If IBM (NYSE: IBM) were a basketball team, it'd be the San Antonio Spurs. No disrespect to Spurs fans, but like Big Blue, they're old and boring but are well-managed and execute perfectly. While the basketball purist might get some excitement from a fundamentally sound pick and roll leading to an off-the-glass jump shot, the fans want highlight-reel dunks. So, when IBM easily beat analyst expectations last night, the market saw it as business as usual for IBM and moved along. Deja vu, anyone?

Throwing a BRIC through expectations
IBM posted revenues that were up 3% year over year while expanding the bottom line by 18% year over year. The bottom- line gains once again come thanks to reducing share count and other cost savings. One interesting note: The company's tax rate was 3.2 percentage points below last year's. That comes the same day Apple (Nasdaq: AAPL) announced a tax rate that was 5 percentage points below its own guidance.

The shifting mix to international sales is pushing down tax rates, but can also lead to tax consequences when bringing cash back to the U.S. In IBM's case, BRIC (Brazil, Russia, India, China) countries brought 29% year-over-year growth. 

The biggest concern was services signings. The company's total signings were down 7% year over year to $11 billion. IBM was quick to note it signed a massive deal with ABN AMRO shortly after the quarter ended, so the drop-off might just be part of the lumpiness of large signings. It's also important to note that total backlog is still flat, so I wouldn't put too much weight behind this earnings pothole.

More acquisitions, fewer buybacks?
Looking ahead, an interesting area to watch will be whether IBM lets off the gas on share buybacks. The company still has $2.3 billion left on its buyback authorization, but could focus its spending more on acquisitions, given the consolidation among big data center players. That would hurt earnings per share in the short run, but given that IBM's road map still calls for about $50 billion in repurchases through 2015, it shouldn't affect the company's long-term outlook.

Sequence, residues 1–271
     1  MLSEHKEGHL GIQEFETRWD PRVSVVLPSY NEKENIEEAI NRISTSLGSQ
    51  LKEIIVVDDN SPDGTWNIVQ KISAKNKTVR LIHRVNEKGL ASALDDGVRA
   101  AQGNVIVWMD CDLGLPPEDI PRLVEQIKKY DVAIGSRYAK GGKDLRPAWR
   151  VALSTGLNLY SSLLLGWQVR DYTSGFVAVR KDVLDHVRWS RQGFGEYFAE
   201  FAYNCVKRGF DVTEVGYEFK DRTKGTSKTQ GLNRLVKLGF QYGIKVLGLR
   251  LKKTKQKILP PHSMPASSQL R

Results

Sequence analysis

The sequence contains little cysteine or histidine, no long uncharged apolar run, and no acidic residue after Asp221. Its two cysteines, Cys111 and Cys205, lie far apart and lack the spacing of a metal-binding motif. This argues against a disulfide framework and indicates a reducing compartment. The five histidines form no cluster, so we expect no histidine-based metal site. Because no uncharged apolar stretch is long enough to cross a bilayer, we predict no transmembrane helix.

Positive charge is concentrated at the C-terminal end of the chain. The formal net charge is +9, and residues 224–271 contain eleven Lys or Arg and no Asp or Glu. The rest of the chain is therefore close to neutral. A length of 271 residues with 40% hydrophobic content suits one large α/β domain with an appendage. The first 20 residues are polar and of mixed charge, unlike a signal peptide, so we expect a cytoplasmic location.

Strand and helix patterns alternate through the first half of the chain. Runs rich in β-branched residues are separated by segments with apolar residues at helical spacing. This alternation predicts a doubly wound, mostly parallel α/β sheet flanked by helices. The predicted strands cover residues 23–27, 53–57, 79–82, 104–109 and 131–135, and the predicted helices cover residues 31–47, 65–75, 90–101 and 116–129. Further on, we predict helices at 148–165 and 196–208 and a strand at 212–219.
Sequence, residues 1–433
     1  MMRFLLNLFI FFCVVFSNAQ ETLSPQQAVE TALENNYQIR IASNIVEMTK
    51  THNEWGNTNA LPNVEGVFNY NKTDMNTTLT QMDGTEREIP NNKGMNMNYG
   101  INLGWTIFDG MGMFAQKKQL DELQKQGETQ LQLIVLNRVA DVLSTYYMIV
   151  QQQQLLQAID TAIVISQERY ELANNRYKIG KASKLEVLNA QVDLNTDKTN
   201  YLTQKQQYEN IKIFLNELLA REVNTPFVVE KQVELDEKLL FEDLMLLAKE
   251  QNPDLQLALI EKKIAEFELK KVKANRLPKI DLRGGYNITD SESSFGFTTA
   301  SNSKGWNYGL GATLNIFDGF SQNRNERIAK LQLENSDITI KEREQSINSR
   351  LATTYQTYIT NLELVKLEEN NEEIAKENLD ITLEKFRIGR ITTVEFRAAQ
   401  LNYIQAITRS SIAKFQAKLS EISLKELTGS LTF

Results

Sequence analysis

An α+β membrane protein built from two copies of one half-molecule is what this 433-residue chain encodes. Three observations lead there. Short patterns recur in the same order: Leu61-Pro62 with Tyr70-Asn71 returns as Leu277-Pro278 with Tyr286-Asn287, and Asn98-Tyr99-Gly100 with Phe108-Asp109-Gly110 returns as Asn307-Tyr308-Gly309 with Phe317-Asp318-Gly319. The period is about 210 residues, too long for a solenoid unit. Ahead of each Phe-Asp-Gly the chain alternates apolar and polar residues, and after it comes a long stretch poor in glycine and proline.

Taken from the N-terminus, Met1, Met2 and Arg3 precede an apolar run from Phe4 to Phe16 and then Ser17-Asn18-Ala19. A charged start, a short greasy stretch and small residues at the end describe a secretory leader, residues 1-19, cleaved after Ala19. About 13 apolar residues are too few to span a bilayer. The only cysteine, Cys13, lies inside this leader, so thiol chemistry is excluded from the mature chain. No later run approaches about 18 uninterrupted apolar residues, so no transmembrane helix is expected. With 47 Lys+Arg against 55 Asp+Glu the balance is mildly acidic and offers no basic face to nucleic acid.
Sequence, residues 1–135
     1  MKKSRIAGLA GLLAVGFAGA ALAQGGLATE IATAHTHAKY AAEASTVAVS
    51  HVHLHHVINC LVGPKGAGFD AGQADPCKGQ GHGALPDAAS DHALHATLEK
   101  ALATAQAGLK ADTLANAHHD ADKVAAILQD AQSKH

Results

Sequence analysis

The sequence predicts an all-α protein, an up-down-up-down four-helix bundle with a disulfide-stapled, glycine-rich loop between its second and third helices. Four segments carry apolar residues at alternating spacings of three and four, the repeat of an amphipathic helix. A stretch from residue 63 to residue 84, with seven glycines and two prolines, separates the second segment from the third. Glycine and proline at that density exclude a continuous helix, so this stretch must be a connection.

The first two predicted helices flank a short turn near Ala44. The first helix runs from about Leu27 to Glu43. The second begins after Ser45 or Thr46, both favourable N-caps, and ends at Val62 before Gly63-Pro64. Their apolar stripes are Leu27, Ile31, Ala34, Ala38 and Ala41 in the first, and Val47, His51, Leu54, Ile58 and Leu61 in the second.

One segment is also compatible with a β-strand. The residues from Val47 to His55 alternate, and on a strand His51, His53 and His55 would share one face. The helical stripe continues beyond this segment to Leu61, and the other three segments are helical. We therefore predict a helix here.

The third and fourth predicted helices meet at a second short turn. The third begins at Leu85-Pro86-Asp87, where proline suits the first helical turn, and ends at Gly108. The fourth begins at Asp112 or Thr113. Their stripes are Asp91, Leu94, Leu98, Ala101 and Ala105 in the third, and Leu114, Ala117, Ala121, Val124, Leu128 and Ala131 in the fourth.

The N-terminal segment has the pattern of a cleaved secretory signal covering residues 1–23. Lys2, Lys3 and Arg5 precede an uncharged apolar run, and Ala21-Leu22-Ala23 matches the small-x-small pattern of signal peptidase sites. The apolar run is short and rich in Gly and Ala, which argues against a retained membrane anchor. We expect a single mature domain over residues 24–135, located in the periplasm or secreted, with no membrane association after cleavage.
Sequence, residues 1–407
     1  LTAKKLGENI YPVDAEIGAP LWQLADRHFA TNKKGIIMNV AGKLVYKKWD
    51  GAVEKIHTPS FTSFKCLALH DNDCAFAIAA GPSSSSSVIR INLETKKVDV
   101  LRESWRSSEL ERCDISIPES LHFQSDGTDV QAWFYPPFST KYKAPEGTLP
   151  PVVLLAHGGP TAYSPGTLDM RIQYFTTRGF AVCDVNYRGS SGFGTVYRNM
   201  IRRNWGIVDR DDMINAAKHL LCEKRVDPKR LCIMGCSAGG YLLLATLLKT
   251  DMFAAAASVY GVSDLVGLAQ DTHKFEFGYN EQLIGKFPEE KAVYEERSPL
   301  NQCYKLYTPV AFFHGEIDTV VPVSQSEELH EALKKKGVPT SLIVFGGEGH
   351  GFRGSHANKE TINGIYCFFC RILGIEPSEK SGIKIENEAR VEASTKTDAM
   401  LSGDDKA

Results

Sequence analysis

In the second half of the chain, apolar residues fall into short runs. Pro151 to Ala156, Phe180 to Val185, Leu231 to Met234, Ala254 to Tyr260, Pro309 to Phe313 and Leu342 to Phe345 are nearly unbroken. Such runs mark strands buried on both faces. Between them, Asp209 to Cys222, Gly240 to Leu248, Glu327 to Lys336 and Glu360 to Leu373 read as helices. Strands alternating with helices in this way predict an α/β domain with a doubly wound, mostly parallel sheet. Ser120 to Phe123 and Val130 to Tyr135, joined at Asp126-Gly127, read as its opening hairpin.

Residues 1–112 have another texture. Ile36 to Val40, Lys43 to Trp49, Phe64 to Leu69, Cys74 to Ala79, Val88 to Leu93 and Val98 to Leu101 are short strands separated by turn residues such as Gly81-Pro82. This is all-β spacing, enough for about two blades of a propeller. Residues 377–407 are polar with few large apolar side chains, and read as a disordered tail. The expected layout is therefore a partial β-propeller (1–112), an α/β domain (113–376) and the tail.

So what might IBM be looking at in coming quarters? Remember that unlike competitors Hewlett-Packard (NYSE: HPQ) and Oracle (Nasdaq: ORCL), IBM's not rushing to reinvent itself. Those companies are furiously acquiring and retooling to become more like IBM. That's an enviable position that allows the company to be more strategic. Also, while IBM hasn't been aggressively expanding its research and development spending, it hasn't been gutting it like HP did in the past couple years[e10] . That's left IBM with internally developed solutions in key areas, so it doesn't need to do things like join the bidding war seen between HP and Dell for niche storage expert 3Par.

One interesting area that keeps getting mentioned is networking. Cisco (Nasdaq: CSCO) has branched out and gone deeper into the server and services field, which has caused some competitors to fire back by pushing more into networking. Speculation has risen that IBM could snap up networking and storage small fry Brocade (Nasdaq: BRCD) to package with its own hardware offerings. While Brocade has been struggling to make a go of it on its own, packaged with IBM's significant sales force and contracts, it could expand its footprint in the networking space.

Just deliver
All in all, it's another solid quarter from IBM. The market wasn't impressed, sending the shares down more than 3% today. I recently recommended buying IBM as part of our "11 O'Clock Stock" series and think this quarter continues to validate the buy thesis. IBM is executing well across its business, and has focused on key growth areas like business analytics and being a big-technology first mover in the massive opportunity presented by digitizing the energy grid. Whether or not Mr. Market believes it, IBM's baseline jumper is still the best in the game.

Eric Bleeker owns shares in Cisco. Apple is a Motley Fool Stock Advisor selection. The Fool has written calls (a bull call spread) on Cisco Systems. The Fool owns shares of Apple, IBM, and Oracle. Try any of our Foolish newsletter services free for 30 days. True to its name, The Motley Fool is made up of a motley assortment of writers and analysts, each with a unique perspective; sometimes we agree, sometimes we disagree, but we all believe in the power of learning from each other through our Foolish community. The Fool has a disclosure policy.